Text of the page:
While Search for Reptar received some criticism for its gameplay, its presentation was well received.
Aggregate score
Review scores
Electric Playground8/10[10]

Rugrats: Search for Reptar has received generally mixed to positive reviews. It holds an aggregate score of 68.75% at GameRankings based on four reviews.[10]

An editor for Electric Playground gave it an 8 out of 10 score, while an editor for Electronic Gaming Monthly gave it a 6.5 out of 10;[11] an editor for the National Academy of Video Game Testers and Reviewers criticized the controls and difficulty, though commented that it was still a great game for children.[14] In his preview, IGN's Doug Perry wrote that hardcore gamers looking for an easy game would enjoy the humour and "silly kiddie havoc", while fans of the series may also enjoy it.[15] He praised the presentation, yet criticized the poor camera control and collision detection; in spite of the recommendation in the preview, he felt that the premise would appeal to fans of the cartoon, but that the game may not.[13] An editor for IGN said that it would be likely to appeal to both young and female gamers, due to its less challenging gameplay and "adorable" characters.[16] GameSpot's Joe Fielder felt that it was a quality title for children, yet criticized it for its camera.[12]

Search for Reptar was the third best-selling game in the first two weeks from its release in North America.[17] Search for Reptar was a consistent chart topper and was described as a "breakout PlayStation hit" by THQ's senior vice president of sales, Alison Locke,[18] who attributed the success of the children's market on the PlayStation to Search for Reptar.[19] On June 7, 2003, it was reported that over 1.5 million copies of the game had been sold.[20]


Search for Reptar was re-released as a Greatest Hits title, and was followed by a sequel titled Rugrats: Studio Tour.[17][18]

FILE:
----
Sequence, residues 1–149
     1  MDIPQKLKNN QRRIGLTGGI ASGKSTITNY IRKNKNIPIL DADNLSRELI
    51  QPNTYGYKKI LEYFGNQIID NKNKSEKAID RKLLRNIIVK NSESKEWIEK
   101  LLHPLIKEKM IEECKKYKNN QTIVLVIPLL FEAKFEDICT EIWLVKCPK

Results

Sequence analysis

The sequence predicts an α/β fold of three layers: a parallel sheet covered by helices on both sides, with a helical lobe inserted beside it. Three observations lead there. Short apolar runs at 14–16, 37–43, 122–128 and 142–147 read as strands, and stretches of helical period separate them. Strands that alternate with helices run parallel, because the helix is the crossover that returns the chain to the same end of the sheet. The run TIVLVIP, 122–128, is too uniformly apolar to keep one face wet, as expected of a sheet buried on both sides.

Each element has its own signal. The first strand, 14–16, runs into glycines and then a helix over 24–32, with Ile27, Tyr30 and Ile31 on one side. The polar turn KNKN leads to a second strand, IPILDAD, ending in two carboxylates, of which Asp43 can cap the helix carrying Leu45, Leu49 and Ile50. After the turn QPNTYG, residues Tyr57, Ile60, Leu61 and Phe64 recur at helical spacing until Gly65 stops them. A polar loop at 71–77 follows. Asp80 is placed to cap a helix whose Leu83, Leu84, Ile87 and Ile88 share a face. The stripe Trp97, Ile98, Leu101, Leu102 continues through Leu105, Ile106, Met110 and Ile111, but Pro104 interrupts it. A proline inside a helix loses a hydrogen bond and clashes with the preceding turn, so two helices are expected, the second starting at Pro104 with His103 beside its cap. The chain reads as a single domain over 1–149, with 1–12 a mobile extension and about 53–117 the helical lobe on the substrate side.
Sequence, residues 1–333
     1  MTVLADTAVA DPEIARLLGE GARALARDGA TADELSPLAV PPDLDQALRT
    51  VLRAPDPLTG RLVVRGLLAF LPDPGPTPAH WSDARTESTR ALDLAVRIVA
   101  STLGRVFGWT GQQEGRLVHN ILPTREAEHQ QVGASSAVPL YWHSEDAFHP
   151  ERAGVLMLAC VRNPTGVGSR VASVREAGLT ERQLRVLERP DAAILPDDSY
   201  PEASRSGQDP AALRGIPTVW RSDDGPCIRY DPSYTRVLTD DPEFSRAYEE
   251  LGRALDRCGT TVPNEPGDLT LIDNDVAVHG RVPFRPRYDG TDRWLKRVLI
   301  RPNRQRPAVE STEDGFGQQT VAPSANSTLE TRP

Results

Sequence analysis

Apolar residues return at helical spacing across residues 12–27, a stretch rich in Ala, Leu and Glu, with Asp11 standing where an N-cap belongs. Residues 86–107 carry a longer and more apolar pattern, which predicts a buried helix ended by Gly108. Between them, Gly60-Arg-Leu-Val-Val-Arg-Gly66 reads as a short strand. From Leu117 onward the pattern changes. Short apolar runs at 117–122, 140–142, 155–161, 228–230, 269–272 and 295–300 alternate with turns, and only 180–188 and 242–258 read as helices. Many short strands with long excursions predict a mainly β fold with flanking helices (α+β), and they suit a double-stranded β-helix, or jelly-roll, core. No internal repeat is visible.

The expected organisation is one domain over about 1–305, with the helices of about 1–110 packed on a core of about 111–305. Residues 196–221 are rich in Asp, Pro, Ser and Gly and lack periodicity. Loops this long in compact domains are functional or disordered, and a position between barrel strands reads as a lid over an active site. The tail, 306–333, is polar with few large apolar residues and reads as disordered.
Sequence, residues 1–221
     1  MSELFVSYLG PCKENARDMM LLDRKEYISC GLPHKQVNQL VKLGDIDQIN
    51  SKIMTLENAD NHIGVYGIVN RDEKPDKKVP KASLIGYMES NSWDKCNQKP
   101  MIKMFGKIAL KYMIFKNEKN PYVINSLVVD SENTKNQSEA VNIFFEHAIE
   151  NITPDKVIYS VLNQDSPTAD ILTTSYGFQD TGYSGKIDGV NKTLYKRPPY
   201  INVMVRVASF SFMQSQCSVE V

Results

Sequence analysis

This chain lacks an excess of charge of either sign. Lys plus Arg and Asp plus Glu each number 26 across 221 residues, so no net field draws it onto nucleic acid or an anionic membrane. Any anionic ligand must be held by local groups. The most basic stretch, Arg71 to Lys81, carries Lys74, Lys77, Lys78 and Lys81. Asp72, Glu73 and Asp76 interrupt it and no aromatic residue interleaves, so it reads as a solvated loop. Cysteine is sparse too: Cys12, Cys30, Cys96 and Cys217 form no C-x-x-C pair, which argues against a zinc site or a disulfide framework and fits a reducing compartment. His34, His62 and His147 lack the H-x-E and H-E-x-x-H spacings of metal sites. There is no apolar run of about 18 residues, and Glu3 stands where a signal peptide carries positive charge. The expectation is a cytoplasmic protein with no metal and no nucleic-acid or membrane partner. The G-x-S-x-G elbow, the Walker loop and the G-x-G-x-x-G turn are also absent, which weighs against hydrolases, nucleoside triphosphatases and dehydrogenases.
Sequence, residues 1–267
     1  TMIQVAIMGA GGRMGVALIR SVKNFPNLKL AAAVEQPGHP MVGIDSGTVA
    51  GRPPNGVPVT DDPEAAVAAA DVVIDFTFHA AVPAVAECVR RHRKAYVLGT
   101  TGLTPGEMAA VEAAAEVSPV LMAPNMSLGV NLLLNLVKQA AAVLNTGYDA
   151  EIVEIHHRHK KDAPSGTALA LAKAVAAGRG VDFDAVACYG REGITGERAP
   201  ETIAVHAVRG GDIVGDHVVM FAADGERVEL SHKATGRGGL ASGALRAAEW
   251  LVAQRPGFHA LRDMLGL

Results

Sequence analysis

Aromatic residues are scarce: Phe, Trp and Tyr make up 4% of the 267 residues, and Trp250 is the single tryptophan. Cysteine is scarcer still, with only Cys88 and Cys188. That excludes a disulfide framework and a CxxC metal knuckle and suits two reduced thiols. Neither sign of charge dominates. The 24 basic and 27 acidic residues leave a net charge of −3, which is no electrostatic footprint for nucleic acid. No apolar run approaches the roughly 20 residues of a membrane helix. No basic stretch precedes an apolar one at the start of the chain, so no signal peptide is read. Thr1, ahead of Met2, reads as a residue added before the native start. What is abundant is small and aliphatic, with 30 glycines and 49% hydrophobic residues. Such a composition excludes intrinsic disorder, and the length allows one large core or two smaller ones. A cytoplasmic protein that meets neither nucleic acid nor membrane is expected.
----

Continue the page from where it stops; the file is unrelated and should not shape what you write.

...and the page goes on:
1. "US Platinum Videogame Chart". The Magic Box. 2007-12-27. Retrieved 2016-08-22.
  2. "Rugrats: The Search for Reptar". IGN. Retrieved 2011-05-17.
  3. THQ (1998). Rugrats: Search for Reptar manual. PlayStation.
  4. 1 2 Marriott, Scott Alan. "Rugrats: Search for Reptar - Review". AllGame. Archived from the original on 2014-11-15. Retrieved 2014-12-13.
  5. IGN Staff (1998-11-23). "Rugrats Ships". IGN. Retrieved 2014-03-17.
  6. "Rugrats: Search for Reptar". Giant Bomb. Retrieved 12 July 2011.
  7. "International directory of company histories". 39. St. James Press. 2001: 396. Retrieved 2010-10-17.
  8. IGN Staff (1998-12-03). "THQ, Sony Team in Rugrats Marketing Bonanza". IGN. Retrieved 2014-03-17.
  9. "Rugrats: Search for Reptar Release Information for PlayStation". GameFAQs. 1998-10-31. Retrieved 2010-10-17.
  10. 1 2 3 "Rugrats: Search for Reptar for PlayStation". GameRankings. 1998-10-31. Retrieved 2010-10-17.
  11. 1 2 "Rugrats: Search for Reptar". Electronic Gaming Monthly. 1998.
  12. 1 2 Fielder, Joe (1999-01-05). "Rugrats: Search for Reptar Review". GameSpot. Retrieved 2014-03-17.
  13. 1 2 Perry, Doug (1998-12-02). "Rugrats: The Search for Reptar". IGN. Retrieved 2014-03-17.
  14. "Library". NAViGaTR. 2007-02-18. Archived from the original on 2008-12-08. Retrieved 2010-10-17.
  15. Perry, Doug (1998-10-13). "Rugrats: The Search for Reptar (Preview)". IGN. Retrieved 2014-03-17.
  16. IGN Staff (1999-11-10). "Rugrats: Studio Tour Crawls Into Stores.". IGN. Retrieved 2014-03-17.
  17. 1 2 IGN Staff (1999-02-16). "Rugrats Sequel in the Works". IGN. Retrieved 2014-03-17.
  18. 1 2 IGN Staff (1999-11-22). "Rugrats: Search for Reptar now a Greatest Hit". IGN. Retrieved 2014-03-17.
  19. IGN Staff (2000-10-09). "Rugrats Exceed $100 Million". IGN. Retrieved 2014-03-17.
  20. Buchanan, Levi (2003-06-07). "The catch? 'Nemo' is pure family fun". Chicago Tribune: 29.